“In the tradition of parent-child memoirs, Enrique’s Journey meets The Glass Castle, here is the haunting story of a daughter’s quest to understand her father, to save him from his own demons and to save herself from following his self-destructive path. Marco Antonio was born in Mexico but as a teenager migrated with his large family north to California, where he met Jean’s mother, a young Puerto Rican woman just out of med school. Marco was a self-taught genius at fixing and creating things–including a mythology about himself as a shaman, a dreamcaster, and an animal whisperer, rather than the failed father, husband, and son he feared he was. Before long Marco goes on the run from his family and responsibilities–to Asia, to Europe, and eventually back to Mexico–with long crack and whiskey binges, suffering from what he claimed were CIA mind control experiments. As soon as she’s old enough, Jean follows.
Using her skills as a journalist, and her lifelong obsessions with the fuzzy lines between truth and fantasy, Jean searches for explanations for her father’s behavior other than schizophrenia, the diagnosis her mother whispered to Jean when she was still a child. She takes his wildest claims seriously and investigates them. She interviews cousins and grandparents and discovers a chain of fabulists and mystics, going back to her great great grandmother, a clairvoyant curandera who was paid to summon forth voices and visions from the afterlife. She begins mirroring her father’s self-destructive behavior in her own wild experiements with sex and drugs and her flirtations with death in jungles and the middle of the sea. She risks everything in her quest to understand and redeem her father from the underworld of his obsessions and delusions and self-destruction — to bring him back to the world of the living.
This is the story of a child’s search for an elusive parent–through exploration, analysis, and embodiment–but also a penetrating journey into the idea of borders and crossings: between sanity and madness, cultures and languages, scientific worlds and mystical, spiritual impulses, life and death. Crux is both a riveting adventure story driven by desire and a profoundly original exploration of the mysteries of our world, our most intimate relationships, and ourselves.”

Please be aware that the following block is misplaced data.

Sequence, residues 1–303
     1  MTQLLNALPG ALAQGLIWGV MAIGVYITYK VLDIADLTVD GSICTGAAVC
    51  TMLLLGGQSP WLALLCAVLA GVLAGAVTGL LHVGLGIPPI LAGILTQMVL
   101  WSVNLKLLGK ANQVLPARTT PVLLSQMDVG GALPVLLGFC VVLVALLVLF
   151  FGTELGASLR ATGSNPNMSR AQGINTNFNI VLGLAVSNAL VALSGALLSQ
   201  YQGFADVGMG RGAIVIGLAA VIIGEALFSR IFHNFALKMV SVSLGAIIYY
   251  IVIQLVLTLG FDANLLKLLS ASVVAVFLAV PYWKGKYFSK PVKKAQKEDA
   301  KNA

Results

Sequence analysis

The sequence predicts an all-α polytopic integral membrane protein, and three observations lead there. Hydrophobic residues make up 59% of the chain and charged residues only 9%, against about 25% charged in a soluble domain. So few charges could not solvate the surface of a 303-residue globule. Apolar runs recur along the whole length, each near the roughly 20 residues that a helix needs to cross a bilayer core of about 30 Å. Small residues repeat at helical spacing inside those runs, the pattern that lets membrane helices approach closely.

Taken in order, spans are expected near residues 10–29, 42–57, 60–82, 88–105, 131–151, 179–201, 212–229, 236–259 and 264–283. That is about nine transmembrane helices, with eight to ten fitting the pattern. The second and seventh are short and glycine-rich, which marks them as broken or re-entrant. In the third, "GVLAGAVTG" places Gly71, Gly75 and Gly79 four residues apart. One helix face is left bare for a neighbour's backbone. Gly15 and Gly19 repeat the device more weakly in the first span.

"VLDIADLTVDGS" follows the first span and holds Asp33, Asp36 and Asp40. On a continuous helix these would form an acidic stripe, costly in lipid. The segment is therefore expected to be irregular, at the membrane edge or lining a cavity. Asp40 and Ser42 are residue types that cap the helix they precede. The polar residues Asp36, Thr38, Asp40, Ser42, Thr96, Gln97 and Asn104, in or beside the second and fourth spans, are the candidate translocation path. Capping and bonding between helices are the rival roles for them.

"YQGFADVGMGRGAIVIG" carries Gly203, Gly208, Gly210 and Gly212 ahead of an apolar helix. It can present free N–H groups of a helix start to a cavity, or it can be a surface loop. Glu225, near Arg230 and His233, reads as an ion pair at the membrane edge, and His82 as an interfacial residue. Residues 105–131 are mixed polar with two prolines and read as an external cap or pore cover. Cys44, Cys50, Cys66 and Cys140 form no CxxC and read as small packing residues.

-Synopsis from Goodreads
A few years ago I had the opportunity to see the author of Crux: A Cross-Border Memoir, Jean Guerrero, speak at the Tucson Festival of Books. I was struck by her story and intrigued to learn more about her and her work as a reporter.
As you may have guessed from the synopsis, this book deals with a lot of tough topics. It is normally not something that I would read only because I tend to read more fiction than non-fiction. However, I will go out of my comfort zone when interest strikes and that was the case with Crux.
I was captivated from the beginning by the lyrical writing style and the way she wrote about her memories in an unstructured way. Her childhood was not conventional, and I admire how committed she was to writing about it and tracing her family history. This is a family with a rich history that crosses borders and overlaps with revolutions and pivotal moments in history; the way these events are woven together is nothing short of captivating.
Interspersed are stories from her own childhood as she struggled to make sense of her father’s behaviors and all of the confusing things he would tell her. She believed strongly that everything he said meant something, that he wasn’t babbling nonsense, but speaking some sort of truth. She then tried to discover that truth on her own, and it was something she never stopped seeking; the truths about the universe, about herself, and about her father.
“I felt the whole universe rush in through every pore of my body, causing me to swell and expand at the speed of light. I felt the heat of stars flooding my veins, moons bombing my eye sockets, the pink fog of nebulae exploding in my lungs and black holes blowing my heart to smithereens. And then, suddenly, I was infinite.”
-from Crux: A Cross-Border Memoir
I finished the book a few days ago and am still finding myself periodically thinking about where the story ended. If you have read the book you probably know what I am talking about. Guerrero’s journey is not over and I wonder if she will write a second memoir one day, about what happened afterward.
I can’t recommend this book enough if you are looking for a powerful, impactful read with stunning writing and a story that will leave you breathless.
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